With all this being said how does it effect values? Some buildings have had to levy massive special assessments in the ranges of $14 to $20 Million. Huge special assessments such as these are typically paid over time. The association gets a loan to fix the problem and then increases the monthly assessments on each unit in order to pay back the loan. The assessments are essentially what is used as collateral for the loan. In some cases assessments can jump from $300 to $800/mo. These high assessments will scare away buyers and the special assessment still on the books for the association may make it more difficult for someone to obtain financing. This can drastically decrease values.

Timing: The timing of construction of some buildings can be integral in whether or not values have sustained or fallen in recent years. Buildings that were completed in 2007 and 2008 have an unusually high foreclosure and short sale rate due to the fact that many buyers bought at the height of the market. The more buyers that “overpaid” for their units the more chances there are of owners walking away from their properties or short selling. Since short sales take much longer than traditional sales the pricing on shorts are typically less than a traditional sale of the same type of property since less buyers want to wait around for a short sale.

Litigation: Banks never like to see associations involved in litigation. Some litigation is not a big deal. If an association has completed work on the building and is simply suing a developer or a contractor to RECOVER costs then it isn’t that big of a deal. However, if the association has NOT completed the work and is suing a developer or contractor for money then this basically means that the work is CONTINGENT upon the outcome of a lawsuit. Either the developer/contractor pays if the association wins or the association loses and then is not only on the hook for attorney fees but also for the work which must be completed which means a special assessments. Banks just as much as buyers do not like “NOT KNOWING” the future. This means that not only is financing more difficult but less buyers are interested in these types of properties.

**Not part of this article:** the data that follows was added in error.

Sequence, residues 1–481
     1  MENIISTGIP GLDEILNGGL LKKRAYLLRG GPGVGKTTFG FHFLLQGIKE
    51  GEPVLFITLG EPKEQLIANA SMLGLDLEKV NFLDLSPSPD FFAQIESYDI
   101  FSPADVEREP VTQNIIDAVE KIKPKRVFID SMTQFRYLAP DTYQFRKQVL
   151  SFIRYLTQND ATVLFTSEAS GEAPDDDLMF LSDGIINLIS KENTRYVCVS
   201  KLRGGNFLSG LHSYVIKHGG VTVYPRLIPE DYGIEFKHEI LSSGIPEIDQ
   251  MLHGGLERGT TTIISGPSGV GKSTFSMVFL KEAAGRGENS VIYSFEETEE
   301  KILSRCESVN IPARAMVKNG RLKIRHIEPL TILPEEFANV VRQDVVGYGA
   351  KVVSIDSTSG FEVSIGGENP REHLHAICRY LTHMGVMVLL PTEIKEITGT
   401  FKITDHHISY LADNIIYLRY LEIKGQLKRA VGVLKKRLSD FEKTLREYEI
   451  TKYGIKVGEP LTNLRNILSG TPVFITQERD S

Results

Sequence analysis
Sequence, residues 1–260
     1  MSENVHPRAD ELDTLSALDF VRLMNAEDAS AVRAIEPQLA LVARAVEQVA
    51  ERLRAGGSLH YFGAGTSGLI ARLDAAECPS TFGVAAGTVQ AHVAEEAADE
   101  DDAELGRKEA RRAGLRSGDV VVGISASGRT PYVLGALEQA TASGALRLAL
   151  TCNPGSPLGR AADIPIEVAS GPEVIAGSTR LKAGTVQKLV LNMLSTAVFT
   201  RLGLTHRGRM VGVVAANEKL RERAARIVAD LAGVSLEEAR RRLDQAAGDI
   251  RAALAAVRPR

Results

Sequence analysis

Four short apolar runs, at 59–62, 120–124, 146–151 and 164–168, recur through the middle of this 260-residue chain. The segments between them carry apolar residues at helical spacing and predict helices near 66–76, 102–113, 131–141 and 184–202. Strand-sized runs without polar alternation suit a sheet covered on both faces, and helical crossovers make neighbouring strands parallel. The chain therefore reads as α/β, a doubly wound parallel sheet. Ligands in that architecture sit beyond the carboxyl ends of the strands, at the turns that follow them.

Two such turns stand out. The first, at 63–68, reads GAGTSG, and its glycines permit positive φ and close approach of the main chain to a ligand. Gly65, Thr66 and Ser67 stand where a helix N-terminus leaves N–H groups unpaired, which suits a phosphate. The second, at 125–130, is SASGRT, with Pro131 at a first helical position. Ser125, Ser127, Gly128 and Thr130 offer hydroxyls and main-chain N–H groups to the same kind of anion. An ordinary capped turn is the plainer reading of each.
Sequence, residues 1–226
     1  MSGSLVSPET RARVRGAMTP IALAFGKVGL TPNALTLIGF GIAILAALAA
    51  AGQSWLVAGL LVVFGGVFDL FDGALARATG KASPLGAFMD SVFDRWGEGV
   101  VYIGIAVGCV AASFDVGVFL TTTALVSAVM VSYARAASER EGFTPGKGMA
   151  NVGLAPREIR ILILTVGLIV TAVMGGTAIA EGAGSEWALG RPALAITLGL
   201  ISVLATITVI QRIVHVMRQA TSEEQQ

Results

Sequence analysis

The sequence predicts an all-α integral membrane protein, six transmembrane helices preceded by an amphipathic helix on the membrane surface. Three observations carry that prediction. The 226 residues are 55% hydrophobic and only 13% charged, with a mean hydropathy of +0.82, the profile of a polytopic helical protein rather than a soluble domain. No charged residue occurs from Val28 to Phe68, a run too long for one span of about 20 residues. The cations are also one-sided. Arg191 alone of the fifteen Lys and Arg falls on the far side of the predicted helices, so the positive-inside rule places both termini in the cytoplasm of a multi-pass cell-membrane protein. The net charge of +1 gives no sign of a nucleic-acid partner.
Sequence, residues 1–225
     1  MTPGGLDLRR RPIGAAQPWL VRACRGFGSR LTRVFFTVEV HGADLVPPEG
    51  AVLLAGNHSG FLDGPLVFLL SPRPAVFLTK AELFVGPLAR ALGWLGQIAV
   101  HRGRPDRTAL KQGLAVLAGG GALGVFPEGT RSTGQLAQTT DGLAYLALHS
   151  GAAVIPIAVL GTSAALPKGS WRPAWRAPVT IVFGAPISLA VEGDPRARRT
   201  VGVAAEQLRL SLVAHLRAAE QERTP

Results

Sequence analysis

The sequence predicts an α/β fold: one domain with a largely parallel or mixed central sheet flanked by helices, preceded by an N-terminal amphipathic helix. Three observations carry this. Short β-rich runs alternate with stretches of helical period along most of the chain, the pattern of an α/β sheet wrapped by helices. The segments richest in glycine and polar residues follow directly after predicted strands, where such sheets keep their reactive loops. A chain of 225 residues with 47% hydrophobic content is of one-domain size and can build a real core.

I HOPE THIS HELPS ANSWER SOME OF YOUR QUESTIONS! FOR MORE INFORMATION REGARDING BUYING IN CHICAGO PLEASE VISIT MY WEBSITE WWW.BUYINGINCHICAGO.COM TO LEARN MORE ABOUT THE BASIC PITFALLS YOU NEED TO AVOID WHEN PURCHASING A CONDO IN CHICAGO.

 

PAUL BLACKBURN IS AN ILLINOIS LICENSED REALTOR AND BROKER WITH @ PROPERTIES IN CHICAGO. HE CAN BE REACHED AT PAUL@PKBLACKBURN.COM

First Time Home (Condo) Buyers in Chicago!

It is great to see so many renters turn into buyers in this market. Right now many tenants are deciding to become home owners in Chicago for the first time due to the increase in rent prices. Buying in Chicago is very different than buying in any other market as not only the product is different but the laws and even the weather is different than many other cities. With all this being said I have put together a website to help everyone from first time buyers to those buying their second and third homes understand some of the very basics in today’s market.

BUYING IN CHICAGO

www.BuyingInChicago.com